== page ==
Although patterns in pronunciation is usually a marked difference between English as a lingua franca and the native English language, it may not necessarily be used to completely refute the fact the non-native speakers can also use perfect English in a skilled way just like their native counterparts.

Similarities and differences

Can English lingua franca speakers be reliable in the use of English language for communication? Perhaps, this is part of the debate we should roll in even as we move towards investigating whether world Englishes can be taught in classrooms. Recent research on the use of English as lingua franca clearly demonstrates that the non-native speakers who are also regular users of English can indeed be skilful in the use of English language (Jenkins, n.d, pp.43-44).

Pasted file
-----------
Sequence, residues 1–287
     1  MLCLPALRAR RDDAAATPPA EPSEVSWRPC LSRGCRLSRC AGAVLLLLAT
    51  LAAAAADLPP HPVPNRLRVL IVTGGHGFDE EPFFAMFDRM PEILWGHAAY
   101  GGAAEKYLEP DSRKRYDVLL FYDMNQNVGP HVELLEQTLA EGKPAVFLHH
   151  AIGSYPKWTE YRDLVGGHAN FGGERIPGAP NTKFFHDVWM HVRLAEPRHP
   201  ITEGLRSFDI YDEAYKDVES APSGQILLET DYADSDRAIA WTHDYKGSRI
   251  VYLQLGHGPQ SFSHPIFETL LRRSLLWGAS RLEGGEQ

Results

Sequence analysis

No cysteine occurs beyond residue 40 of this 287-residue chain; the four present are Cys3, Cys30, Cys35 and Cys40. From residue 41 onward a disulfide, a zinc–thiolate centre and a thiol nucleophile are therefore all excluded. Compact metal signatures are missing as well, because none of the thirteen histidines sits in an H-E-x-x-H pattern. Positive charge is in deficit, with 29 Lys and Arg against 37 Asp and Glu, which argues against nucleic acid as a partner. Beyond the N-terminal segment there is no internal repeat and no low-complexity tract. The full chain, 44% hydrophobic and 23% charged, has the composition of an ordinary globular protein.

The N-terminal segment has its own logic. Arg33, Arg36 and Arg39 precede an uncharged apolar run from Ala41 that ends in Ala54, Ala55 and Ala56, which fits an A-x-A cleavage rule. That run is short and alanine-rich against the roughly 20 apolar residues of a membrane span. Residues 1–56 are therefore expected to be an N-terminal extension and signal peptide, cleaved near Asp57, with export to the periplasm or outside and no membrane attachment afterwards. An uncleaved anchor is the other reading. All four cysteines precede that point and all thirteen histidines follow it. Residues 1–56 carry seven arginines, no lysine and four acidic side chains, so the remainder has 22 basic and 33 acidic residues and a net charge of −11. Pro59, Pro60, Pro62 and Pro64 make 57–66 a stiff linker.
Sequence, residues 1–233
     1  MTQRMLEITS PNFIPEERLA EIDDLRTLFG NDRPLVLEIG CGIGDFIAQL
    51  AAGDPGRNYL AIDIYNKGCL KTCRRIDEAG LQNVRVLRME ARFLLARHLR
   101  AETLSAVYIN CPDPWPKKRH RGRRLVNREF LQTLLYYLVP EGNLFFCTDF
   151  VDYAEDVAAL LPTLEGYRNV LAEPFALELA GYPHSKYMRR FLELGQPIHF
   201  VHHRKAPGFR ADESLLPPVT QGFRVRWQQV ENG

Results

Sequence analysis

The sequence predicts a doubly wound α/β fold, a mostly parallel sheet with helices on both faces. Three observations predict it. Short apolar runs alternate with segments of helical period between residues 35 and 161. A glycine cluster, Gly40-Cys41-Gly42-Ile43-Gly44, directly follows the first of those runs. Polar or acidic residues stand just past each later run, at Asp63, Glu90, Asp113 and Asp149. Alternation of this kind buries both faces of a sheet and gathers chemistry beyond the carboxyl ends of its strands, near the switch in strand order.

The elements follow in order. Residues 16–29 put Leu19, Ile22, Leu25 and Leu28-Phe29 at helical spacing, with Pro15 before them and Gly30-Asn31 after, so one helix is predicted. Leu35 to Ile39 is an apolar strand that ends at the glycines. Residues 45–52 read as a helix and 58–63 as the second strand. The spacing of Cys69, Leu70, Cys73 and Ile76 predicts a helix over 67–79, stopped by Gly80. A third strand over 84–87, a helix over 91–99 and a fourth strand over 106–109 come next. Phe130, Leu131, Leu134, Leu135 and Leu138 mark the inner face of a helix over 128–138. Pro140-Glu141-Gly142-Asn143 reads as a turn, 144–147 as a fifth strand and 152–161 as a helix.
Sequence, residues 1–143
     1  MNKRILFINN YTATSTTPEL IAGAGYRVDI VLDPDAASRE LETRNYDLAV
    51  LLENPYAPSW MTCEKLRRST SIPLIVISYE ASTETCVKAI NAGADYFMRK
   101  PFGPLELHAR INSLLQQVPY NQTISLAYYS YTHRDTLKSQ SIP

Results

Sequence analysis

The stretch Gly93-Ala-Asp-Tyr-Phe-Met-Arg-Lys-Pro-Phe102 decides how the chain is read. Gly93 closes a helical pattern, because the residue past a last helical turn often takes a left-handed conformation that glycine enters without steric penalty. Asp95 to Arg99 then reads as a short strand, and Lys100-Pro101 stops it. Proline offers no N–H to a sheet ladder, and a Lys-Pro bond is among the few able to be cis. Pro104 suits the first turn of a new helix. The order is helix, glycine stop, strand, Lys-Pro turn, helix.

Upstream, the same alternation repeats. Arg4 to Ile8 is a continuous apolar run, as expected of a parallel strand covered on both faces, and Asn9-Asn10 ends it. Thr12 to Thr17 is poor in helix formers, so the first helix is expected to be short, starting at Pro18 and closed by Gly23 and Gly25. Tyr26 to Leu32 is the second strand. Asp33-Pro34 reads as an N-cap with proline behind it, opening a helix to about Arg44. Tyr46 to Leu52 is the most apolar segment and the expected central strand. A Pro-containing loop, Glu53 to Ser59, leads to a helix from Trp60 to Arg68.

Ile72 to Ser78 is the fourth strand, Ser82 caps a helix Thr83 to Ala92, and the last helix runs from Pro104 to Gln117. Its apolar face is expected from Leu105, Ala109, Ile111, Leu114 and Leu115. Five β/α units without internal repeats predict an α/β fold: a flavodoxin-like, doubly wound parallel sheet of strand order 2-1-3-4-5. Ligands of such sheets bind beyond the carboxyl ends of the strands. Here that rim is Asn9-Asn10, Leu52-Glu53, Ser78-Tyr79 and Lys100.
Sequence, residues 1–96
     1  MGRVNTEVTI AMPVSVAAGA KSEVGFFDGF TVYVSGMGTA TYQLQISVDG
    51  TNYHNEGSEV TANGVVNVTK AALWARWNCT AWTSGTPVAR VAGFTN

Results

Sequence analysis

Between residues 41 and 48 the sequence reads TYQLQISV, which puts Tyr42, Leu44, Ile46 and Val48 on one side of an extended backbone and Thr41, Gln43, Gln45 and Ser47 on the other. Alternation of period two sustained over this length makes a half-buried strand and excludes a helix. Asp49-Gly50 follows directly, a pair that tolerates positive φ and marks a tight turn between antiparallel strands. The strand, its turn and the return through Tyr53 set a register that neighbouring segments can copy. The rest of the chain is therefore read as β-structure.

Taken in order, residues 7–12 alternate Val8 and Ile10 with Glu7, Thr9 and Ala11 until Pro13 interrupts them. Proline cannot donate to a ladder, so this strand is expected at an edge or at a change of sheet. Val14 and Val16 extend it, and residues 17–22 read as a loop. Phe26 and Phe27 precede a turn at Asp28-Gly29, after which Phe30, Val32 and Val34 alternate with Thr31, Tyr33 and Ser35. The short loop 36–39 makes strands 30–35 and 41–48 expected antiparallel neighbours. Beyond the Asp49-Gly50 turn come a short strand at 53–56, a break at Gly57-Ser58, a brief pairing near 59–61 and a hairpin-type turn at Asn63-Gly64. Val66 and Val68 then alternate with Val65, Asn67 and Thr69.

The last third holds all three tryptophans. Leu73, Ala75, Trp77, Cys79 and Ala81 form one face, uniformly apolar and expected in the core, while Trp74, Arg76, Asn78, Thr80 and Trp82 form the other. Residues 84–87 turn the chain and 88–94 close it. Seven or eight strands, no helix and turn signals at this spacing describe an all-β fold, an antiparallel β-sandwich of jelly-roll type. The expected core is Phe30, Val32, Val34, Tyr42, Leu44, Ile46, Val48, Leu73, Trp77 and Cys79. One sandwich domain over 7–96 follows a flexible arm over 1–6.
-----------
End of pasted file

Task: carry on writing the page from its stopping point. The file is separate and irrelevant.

They are equally developing their norms that do not seriously diverge from the norms in native English but seems to follow native formats with slight deviations. At this point, another difference emerge among the lingua franca speakers who may not be thoroughly proficient. For instance, it has been found out that the lingua franca English speakers are broad-based in their use of English language as a mode of communication.

Unlike in the application of purely British or American English, the lingua Franca is able to accommodate a wide array of various World Englishes without being too restrictive on only type (Deterding & Kirkpatrick, 2006, p.397). It is against this backdrop that the non-native speakers who have acquired the requisite skills and knowledge in English as lingua franca have a higher probability of interacting with a bigger linguistic society compared to the native speakers who are strict on a single traditional norm value in original English.

Definitely, supporting argument that can be put forward is the fact that like any other language across the world, English has undergone significant structural transformations over the centuries. The integration of world Englishes in the daily use across various locations on the globe is indeed a consequence of the changing nature of what used to be known as Standard English (Jenkins, n.d, p. 44).